More on Shiller’s CAPE vs. The Ten Year Treasury Yield

We recently covered (graphically, anyway) the relationship between the Ten Year Treasury Yield, Shiller’s CAPE (inverted) and the S&P 500 Index.  Although it was sort of possible to estimate the returns that followed, we’d be a bit uneasy if we forced you to do too much squinting – truly, you don’t want your eyes to end up like mine.  If that was “Risk Free Rate 101″ course, consider this the 201 course!

Shiller’s CAPE Versus the Risk Free Rate

Let me refresh your memory on the last article by reproducing its key graph, summarizing Robert Shiller’s data on the S&P (not just the 500 – he also has the pre-500 and a synthetic measure back to 1871).  Shiller’s CAPE measures the inflation-adjusted last 10 years of earnings on the market versus the current S&P 500 index price, a very conservative way of looking at earnings that generally includes all stages of the business cycle.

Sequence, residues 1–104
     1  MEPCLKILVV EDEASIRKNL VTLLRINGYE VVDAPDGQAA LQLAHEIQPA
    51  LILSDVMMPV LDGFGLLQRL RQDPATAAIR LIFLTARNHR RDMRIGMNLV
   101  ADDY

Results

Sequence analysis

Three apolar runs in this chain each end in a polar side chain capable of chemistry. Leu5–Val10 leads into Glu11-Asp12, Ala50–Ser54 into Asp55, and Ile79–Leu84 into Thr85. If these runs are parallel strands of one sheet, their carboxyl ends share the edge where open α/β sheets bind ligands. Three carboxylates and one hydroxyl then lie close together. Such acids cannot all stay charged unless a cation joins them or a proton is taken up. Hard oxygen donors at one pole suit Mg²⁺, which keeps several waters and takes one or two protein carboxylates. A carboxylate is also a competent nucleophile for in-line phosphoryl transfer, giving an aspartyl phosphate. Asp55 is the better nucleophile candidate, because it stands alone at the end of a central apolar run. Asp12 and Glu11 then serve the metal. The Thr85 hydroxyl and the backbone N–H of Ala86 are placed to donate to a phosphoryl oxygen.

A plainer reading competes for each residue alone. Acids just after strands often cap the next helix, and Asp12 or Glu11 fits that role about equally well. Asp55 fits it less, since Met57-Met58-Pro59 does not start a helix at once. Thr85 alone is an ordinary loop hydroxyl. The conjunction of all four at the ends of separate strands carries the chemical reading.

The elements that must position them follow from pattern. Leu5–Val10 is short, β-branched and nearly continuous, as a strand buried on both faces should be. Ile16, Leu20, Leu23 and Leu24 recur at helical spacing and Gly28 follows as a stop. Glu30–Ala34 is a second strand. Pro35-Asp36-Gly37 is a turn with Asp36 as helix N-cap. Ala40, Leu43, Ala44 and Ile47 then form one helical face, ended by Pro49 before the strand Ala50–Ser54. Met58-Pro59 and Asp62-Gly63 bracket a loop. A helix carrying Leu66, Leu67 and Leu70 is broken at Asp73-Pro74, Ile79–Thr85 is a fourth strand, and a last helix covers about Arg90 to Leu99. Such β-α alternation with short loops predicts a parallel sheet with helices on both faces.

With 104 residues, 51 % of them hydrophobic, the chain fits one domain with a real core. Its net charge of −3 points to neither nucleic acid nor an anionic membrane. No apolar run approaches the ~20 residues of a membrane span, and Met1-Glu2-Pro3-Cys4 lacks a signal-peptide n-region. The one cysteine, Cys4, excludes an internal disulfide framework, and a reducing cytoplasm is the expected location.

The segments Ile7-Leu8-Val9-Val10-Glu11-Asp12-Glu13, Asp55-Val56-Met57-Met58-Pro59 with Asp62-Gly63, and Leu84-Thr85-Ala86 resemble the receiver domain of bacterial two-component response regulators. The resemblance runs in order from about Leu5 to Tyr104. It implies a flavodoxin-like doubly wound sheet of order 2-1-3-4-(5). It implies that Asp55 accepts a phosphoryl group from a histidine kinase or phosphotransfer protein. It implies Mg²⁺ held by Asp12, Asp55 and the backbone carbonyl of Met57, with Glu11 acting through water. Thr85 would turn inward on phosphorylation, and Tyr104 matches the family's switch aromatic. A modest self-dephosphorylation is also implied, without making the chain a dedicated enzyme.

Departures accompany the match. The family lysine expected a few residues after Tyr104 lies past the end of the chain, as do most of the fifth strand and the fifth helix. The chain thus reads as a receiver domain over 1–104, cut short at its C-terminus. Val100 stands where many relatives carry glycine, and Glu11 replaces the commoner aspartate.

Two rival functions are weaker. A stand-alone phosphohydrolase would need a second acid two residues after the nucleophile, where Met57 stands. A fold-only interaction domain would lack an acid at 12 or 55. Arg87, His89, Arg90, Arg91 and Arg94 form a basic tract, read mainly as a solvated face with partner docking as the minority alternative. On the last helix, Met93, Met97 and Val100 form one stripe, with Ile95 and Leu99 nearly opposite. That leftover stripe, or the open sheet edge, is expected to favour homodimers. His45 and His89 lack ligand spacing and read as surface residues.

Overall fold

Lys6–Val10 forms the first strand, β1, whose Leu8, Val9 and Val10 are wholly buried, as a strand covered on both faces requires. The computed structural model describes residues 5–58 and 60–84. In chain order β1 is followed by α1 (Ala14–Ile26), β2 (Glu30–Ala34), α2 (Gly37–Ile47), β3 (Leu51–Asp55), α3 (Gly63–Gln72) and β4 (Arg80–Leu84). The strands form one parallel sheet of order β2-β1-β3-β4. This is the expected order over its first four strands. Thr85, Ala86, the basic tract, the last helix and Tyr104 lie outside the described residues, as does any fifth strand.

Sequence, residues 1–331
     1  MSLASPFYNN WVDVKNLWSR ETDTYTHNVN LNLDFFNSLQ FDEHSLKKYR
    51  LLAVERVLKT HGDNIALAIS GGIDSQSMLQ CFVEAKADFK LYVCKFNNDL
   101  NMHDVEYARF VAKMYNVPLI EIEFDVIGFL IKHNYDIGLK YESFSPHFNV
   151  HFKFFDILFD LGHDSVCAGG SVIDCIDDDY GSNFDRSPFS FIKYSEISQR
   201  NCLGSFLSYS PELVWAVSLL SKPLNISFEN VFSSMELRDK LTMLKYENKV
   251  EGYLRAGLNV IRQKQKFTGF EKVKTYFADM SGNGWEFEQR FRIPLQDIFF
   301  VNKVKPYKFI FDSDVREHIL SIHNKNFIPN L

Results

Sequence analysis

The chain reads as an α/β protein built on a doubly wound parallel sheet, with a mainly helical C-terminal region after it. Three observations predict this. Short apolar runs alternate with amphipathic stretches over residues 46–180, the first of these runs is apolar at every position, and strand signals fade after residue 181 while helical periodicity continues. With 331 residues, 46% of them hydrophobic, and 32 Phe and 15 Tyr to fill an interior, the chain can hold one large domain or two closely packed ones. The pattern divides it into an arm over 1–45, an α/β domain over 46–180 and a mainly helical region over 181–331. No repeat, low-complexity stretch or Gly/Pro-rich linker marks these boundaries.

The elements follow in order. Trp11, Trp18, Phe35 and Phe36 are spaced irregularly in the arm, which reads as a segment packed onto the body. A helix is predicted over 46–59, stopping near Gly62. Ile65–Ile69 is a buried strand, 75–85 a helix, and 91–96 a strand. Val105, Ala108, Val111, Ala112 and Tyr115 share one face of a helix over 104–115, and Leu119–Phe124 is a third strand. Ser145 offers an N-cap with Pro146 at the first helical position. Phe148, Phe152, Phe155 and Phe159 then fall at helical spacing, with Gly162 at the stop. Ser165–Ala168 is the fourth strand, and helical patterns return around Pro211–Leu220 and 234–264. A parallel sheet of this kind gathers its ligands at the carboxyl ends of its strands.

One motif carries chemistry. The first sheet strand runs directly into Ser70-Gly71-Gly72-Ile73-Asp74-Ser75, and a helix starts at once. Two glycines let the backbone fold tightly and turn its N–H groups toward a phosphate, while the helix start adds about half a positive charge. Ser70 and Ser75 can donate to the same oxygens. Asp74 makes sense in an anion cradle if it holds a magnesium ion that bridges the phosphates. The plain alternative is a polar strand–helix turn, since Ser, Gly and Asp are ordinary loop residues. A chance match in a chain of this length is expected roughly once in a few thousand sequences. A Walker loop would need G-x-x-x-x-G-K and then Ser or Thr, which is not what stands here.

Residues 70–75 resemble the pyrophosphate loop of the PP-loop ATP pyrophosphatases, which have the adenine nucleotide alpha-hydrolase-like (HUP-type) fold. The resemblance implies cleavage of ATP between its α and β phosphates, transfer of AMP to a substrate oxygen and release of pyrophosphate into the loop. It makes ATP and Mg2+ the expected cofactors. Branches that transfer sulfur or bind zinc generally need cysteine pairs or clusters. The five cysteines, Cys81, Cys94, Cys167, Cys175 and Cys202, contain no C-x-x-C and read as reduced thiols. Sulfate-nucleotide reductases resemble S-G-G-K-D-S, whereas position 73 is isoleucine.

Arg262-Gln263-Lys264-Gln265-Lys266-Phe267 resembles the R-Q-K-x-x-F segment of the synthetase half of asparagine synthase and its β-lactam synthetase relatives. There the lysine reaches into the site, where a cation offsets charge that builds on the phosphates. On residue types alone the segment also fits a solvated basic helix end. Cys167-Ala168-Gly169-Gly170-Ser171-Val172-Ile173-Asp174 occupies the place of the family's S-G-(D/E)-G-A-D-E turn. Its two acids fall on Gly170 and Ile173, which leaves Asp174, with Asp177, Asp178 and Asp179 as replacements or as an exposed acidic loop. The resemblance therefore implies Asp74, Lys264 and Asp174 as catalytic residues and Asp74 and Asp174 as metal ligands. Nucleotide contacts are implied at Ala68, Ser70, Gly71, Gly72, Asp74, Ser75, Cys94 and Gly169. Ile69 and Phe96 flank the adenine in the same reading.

We ‘invert’ CAPE, turning it into a measure of how much of the price is made up by the average earnings.  This allows us to compare it to the rate on the Ten Year Treasury, like so:

Shiller CAPE inverted vs. Treasuries

 

The relationship between CAPE^(-1) and GS10 (the ten year treasury yield) is the one we are most concerned about.  I want to turn your attention to the points when the relationship ‘inverts’, or when the ten year treasury is greater than the ten year earnings to price ratio.  The following table details those times.  We’ve added ten year returns from our dividends included S&P return calculator (not inflation adjusted – remember, the Treasury isn’t).  Adjacent rows mean you’re looking at the first and last months of the inversion, single rows mean the inversion lasted for a single month:

Robert Shiller's CAPE vs. Treasuries and Returns

 

Note that, again, these don’t account for inflation nor do I attempt to factor tax rates (or transactions on reinvestment of dividends) into the equation.

Still… interesting, isn’t it?

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Comments

  1. says

    Fascinating! At one point sometime during late 60s I think, Buffett got so scared of the market that he dissolved his firm and got out of the market. The data above doesn’t look that scary for that period compared to today… I wonder what spooked him.

    • says

      Ahh, yes, I think in 1969 he told people to take the cash, invest with Bill Ruane, or invest in Berkshire Hathaway, which the partnerships had come to control.

      Hopefully they went with #2 or #3…

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